Thrilling progressive history and the trajectory of societal forces colliding with basic human rights is delineated through the prism of three couples who are fighting for their dignity as LGBTQ individuals in the current offering, The DOMA Diaries, now being presented as part of the FRINGE Festival.
Playwright and Director Kevin Michael West perfectly conveys the thwarted frustrations, fervent idealism, pathos and —above all—perseverance and survival instincts of three couples who struggle onwards in life and, even, death. Mr. West is a master at conveying the paradox which is the crux of the LGBTQ community and individual. That paradox is that there are no easy answers in the struggles of life and that complex human emotions do not often fall easily into place when such reactionary laws as DOMA (The Defense of Marriage Act) are put into motion. (President Clinton signed this bill into law in September 1996).
This pernicious law’s dire consequences for the LGBTQ community are portrayed superbly and incisively in this play and it superbly shows the finesse and polish of West’s writing. Nothing in this full-length play (presented in a single act) seems forced, didactic or contrived. Mr. West, rather, writes with a very natural, humanistic tone even while covering a very broad swath of propositions, laws revoked, and discrimination enforced during the period of 1991 to 2013 in America. It is not an easy task to write with such subtlety when focusing on polarizing themes but Mr. West succeeds admirably,
Actor Steven Wolf’s comment that “Kevin’s script is a perfect balance of thought provocation and entertainment …….” totally captures the tone of this fine play.
A cast of six talented actors (including Mr. Wolf) vividly etch the myriad problems and complications that ensue when legalistic realities collide with idealism. Undercurrents of humor such as using gigantic hand puppets to represent the lesbian couple’s children, mocking pious platitudes, having the actors slip into multiple roles at unexpected moments and quirkily engaging musical passages between the scenes all certainly help to lighten the mood of this serious play.
West wisely trusts his instincts to make his play offer glimmers of light in the face of so much horror and dehumanizing despair that his characters must endure. (The recent Orlando massacre must be on so many people’s minds).
The gay male relationship portrayed in the play (a Russian –accented Garrett Matthews and a robustly passionate Christian Rohde) is heartbreakingly portrayed —-albeit with a hopeful ending. Mr. Matthews’ character (Oliver) is in the U.S. on a foreign Visa and is in a serious relationship with Mr. Rohde’s character (Red). Matthews and Rohde play their roles to the hilt from the impetuousness of their first meeting to their quest to stay together in the U.S. as a married couple even in the face of differing states’ marriage and domestic partnership laws. Their interactions are a delight to watch. Particularly amusing is a scene of a fantasy world gone wild where everyone and everything is Gay-oriented. The Gay male relationship portrayed here is largely based on events that Playwright West endured with his partner.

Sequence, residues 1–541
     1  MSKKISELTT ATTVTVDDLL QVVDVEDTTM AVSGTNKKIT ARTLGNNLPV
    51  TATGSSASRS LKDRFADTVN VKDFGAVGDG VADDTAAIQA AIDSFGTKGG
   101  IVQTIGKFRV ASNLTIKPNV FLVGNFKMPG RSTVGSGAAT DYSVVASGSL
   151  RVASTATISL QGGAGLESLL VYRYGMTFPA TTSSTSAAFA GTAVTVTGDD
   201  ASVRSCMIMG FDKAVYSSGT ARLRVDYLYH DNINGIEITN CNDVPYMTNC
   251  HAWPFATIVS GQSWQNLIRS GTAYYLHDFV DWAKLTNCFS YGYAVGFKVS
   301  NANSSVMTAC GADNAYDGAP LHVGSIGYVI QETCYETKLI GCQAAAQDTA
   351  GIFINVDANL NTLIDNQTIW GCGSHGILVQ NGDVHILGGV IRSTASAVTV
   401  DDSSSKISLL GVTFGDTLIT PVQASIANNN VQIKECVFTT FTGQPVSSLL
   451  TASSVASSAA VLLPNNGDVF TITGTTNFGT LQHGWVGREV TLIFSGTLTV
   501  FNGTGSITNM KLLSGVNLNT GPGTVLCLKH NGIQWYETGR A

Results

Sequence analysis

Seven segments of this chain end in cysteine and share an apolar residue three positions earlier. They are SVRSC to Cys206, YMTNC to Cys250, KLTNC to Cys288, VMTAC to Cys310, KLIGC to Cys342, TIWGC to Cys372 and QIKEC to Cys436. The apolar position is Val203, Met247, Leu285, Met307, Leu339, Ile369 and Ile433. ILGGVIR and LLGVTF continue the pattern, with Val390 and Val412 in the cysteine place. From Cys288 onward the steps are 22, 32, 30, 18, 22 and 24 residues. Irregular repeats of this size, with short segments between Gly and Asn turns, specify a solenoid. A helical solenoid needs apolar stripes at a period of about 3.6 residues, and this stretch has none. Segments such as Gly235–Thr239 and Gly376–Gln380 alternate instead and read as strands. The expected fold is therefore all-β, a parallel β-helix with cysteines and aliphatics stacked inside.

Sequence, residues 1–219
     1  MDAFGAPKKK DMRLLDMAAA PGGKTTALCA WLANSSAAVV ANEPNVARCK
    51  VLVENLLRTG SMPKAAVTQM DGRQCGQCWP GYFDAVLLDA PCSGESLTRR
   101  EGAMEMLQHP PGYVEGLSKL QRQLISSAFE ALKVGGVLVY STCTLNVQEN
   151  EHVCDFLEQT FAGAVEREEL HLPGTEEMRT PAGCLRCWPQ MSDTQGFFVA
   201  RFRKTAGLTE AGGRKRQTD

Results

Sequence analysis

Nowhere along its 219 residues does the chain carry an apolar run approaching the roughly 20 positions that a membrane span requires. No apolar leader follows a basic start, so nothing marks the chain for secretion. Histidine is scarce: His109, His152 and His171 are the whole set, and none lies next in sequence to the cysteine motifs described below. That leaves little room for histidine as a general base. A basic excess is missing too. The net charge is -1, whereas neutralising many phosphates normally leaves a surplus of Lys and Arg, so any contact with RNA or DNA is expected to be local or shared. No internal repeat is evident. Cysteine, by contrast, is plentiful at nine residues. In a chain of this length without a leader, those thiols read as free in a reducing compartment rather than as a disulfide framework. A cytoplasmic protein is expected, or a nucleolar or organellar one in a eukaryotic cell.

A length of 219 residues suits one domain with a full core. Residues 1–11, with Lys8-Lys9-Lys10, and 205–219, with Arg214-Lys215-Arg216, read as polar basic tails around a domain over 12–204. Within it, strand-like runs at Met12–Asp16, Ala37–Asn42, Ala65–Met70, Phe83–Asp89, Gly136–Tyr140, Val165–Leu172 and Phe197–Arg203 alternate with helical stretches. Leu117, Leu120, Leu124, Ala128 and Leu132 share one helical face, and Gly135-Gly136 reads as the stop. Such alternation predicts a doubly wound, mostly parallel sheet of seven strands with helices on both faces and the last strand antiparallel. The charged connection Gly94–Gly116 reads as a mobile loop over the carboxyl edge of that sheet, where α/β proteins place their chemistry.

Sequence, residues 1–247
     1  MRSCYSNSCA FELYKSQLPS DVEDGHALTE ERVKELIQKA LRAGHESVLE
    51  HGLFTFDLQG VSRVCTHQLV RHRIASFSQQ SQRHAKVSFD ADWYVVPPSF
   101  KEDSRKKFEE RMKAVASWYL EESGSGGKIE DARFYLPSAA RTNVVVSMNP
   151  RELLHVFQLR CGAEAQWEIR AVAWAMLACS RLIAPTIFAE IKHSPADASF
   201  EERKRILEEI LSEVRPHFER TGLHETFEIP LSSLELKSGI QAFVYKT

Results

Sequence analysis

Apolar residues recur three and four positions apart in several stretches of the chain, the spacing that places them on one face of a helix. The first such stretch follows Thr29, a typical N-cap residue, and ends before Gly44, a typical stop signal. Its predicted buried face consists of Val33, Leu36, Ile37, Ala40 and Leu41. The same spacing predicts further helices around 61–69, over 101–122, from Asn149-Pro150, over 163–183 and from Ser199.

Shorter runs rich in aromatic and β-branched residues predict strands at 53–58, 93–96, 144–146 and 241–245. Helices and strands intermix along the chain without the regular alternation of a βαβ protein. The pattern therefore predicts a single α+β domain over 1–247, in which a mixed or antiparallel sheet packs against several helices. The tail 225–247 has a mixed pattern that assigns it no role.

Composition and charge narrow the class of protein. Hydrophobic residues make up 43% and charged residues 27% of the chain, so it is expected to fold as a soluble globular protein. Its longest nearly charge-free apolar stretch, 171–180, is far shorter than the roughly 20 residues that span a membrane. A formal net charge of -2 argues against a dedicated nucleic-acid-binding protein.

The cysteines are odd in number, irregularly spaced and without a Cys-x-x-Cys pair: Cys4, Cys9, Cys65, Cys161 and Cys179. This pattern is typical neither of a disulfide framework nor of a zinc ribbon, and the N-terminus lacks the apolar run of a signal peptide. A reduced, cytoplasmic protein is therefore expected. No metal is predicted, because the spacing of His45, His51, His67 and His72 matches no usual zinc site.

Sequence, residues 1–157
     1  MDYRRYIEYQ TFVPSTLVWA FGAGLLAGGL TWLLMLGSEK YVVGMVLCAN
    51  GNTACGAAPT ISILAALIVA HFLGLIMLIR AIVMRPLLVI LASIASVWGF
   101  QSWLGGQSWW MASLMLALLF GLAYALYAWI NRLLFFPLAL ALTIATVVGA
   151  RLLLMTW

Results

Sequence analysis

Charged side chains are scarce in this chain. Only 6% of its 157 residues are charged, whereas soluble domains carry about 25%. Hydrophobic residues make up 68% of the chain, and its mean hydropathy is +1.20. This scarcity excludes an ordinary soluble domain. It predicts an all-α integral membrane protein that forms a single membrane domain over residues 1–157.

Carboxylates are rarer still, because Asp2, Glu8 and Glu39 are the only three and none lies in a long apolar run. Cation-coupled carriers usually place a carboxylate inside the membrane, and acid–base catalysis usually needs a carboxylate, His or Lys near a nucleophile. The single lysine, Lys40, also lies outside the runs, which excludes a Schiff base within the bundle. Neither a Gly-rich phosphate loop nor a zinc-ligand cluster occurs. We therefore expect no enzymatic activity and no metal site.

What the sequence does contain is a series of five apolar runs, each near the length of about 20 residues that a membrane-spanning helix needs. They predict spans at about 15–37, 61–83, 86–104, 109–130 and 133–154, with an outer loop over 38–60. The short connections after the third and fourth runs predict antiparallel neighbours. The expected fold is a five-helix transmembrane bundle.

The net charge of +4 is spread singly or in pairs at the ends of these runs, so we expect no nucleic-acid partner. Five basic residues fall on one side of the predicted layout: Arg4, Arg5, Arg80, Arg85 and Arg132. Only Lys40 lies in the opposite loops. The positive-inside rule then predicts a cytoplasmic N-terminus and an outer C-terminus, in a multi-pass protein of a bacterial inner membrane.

Renee Erichsen-Teal portrays the character of Janice in the second coupling which is a lesbian relationship (complete with children) with her partner Sophie (actress Nell Quinn-Gibney). Playwright West writes with complexity about the hurdles and obstacles such a couple must face when they are faced with losing their children and denied the chance to marry. The impending onslaught of sickness and consequent health insurance rights is devastatingly portrayed by Erichsen-Teal. Directorial kudos must be given to West for directing these two engaging actresses so precisely in order to convey the seemingly antagonistic quarreling –that is only truly known to be affectionate and loving bickering by the actual participants.
The third couple consists of the immensely versatile and powerfully Joy Gerst (who portrays the character of Audrey) –Gerst draws the audience into the proceedings in the opening scene as she laments over the grave of her lesbian partner of 46 years, Diane. Ms. Gerst moved me to tears as she expressed her sorrow over the fact that she would not be allowed to be buried next to her partner. Gerst reprised a variation on this scene later in the play and was totally mesmerizing as she cried in torment over being discriminated against in both life and death. Ms. Gerst also portrayed several other characters and was totally enthralling in her command of every nuance of expression.
Steven Wolf who played George was also a standout. Mr. Wolf also played a kindhearted war veteran, a bigoted Texan, and a Father with authoritative aplomb.
The eventual and hard-fought success of overturning DOMA and allowing the Gay community to marry has offered so many new possibilities and Mr. West’s play brings this out successfully in the conclusion.
Spare but functionally effective Set Piece Construction by Christian Rohde and eye-catching Costumes by Greg Stevens must be mentioned.
For a provocative, well-written and well-acted theatrical experience regarding the inter-connection of the legal system with the human experience, do not miss The DOMA Diaries!
Running Time: 85 minutes, with no intermission.
Check other reviews and show previews on DCMetroTheaterArts’ 2016 Capital Fringe Page.
Read the preview article for ‘The DOMA Diaries’ by Kevin Michael West.
RATING: BEST OF THE CAPITAL FRINGE!